Buyout competition in the Western U.S. has increased-as a new firm with middle-market intentions recently closed its first fund and is now on the prowl for deals. The firm’s name is Evergreen Pacific Partners LP, and its geographically-focused inaugural fund goes by the same moniker.
Seattle, Wash.-based Evergreen raised a total of $275 million for its debut fund and counts West AM, The Duke Endowment and Mass Mutual among its fund’s institutional limited partners. Also, the Public School Employee Retirement System of Pennsylvania (PSERS) hopped aboard after approving an investment in the new vehicle of up to $50 million, according to the pension’s April 2004 meeting minutes.
Twenty-five Pacific Northwest-based CEOs also made commitments to the new fund, according to Thomas McGill, a partner at Evergreen. The remainder of the fund’s investors includes a mix of foundations, endowments, corporate pension funds, public pension funds, fund of funds and insurance companies, he said. According to the firm’s Form D filing, the fund is comprised of 52 accredited investors and carried a minimum investment limit of $1 million, which was subject to a waiver by the issuers, McGill said. Mallory Capital Group LLC was tapped to serve as placement agent for the fund.
Evergreen was founded in mid-2003 and fundraising began shortly thereafter in the fall, McGill told Buyouts while in Idaho eyeing potential investments. The bulk of the fundraising was completed late last year and the first few months of 2005 were spent wrapping up commitments, he said. As of presstime, the firm has no investments under its belt.
The dry powder will be put to work in four industries: manufacturing and distribution; packaging; consumer products; and media-which for Evergreen’s purposes connotes radio and cable investments. Evergreen’s modus operandi will be to sponsor traditional buyouts, management led buyouts and growth equity investments in private companies in 13 states in the Western U.S. and two of Canada’s western provinces, Alberta and British Columbia.
“We are very hands-on from a portfolio management standpoint, and we like the idea of being within a three-hour direct flight to each of our portfolio companies,” McGill said. “The entire West, relative to its amount of GDP, is not as competitive as the Midwest and the East.”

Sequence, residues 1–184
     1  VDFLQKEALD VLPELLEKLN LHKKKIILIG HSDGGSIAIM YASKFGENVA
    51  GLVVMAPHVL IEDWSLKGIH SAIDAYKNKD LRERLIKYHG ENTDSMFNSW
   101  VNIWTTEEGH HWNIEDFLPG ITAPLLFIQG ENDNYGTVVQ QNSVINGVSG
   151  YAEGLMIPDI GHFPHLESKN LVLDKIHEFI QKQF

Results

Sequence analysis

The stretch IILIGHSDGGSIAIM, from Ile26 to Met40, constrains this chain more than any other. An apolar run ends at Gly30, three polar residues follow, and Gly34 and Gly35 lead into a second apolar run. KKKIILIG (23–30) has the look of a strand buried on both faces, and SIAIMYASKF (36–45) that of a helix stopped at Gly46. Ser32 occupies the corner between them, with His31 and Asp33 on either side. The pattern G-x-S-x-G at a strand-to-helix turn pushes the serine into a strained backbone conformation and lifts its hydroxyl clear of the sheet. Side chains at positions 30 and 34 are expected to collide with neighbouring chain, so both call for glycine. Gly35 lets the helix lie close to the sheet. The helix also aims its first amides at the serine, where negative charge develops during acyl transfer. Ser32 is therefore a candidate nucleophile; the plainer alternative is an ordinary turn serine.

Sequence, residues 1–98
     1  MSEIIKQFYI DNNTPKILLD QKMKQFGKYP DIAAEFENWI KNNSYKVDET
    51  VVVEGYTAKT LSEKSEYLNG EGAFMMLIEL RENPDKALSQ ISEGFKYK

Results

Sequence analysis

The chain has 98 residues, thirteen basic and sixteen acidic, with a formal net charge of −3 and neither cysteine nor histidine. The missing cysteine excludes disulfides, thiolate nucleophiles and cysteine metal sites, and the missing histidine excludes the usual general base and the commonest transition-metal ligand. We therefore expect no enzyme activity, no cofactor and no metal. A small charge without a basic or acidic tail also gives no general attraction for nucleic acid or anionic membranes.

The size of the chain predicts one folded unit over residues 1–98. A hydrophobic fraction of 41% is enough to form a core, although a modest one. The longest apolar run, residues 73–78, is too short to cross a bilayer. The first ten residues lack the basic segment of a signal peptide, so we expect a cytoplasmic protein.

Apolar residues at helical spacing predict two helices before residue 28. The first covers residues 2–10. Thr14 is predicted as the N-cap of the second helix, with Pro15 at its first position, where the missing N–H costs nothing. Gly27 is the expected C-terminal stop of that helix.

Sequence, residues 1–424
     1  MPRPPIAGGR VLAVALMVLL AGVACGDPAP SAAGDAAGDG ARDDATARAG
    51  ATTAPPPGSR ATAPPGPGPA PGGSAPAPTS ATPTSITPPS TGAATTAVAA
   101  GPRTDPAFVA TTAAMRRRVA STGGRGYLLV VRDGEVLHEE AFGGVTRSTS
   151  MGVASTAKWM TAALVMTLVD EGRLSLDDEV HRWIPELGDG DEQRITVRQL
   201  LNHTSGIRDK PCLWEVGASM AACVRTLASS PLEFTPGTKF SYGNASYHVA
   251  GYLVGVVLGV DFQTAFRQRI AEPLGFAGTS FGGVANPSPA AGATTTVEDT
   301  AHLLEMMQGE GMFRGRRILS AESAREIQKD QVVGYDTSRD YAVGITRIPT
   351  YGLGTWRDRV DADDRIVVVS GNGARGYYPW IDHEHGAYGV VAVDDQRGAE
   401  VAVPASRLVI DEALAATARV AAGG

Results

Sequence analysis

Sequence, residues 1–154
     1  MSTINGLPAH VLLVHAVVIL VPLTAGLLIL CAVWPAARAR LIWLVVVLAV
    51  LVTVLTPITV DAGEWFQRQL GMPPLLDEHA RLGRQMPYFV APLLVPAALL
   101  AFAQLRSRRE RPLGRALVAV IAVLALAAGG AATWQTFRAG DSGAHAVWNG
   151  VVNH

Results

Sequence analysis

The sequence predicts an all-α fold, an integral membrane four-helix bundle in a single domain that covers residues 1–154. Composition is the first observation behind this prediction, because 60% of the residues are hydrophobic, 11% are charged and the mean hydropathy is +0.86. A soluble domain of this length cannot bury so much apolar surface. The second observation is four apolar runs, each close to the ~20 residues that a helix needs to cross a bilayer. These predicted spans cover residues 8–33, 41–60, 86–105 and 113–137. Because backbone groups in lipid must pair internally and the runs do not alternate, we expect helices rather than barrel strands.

But the fact that there is still sitting room available for a new middle-market buyout firm to open up shop on the left coast does not mean that there are fewer investment opportunities, according to McGill. The U.S. West is fertile economic ground, accounting for $2.35 trillion, or nearly 24%, of total domestic product for the country. Per deal, the firm will invest a minimum of $10 million of equity in companies that generate between $25 million and $250 million in annual revenues.
McGill said that Evergreen’s network runs deep throughout the West and is strongest in the Pacific Northwest, where the firm’s three co-founders have spent much of their professional lives. He went on to say that there are more than 6,000 companies in the firm’s target industries located in the Western United States and the bordering Canadian provinces.
Evergreen was founded by the firm’s three partners Timothy Bernardez, Michael Nibarger, and McGill. The trio met while they were principals at Northwest Capital Appreciation, a 12-year-old Seattle-based private equity firm that makes investments in the smaller-middle-market. Tim Brillon, Evergreen’s CFO, joined the firm last July, leaving his post as director of finance at Bellevue, Wash.-based SeaPoint Ventures, a communications-focused venture capital firm.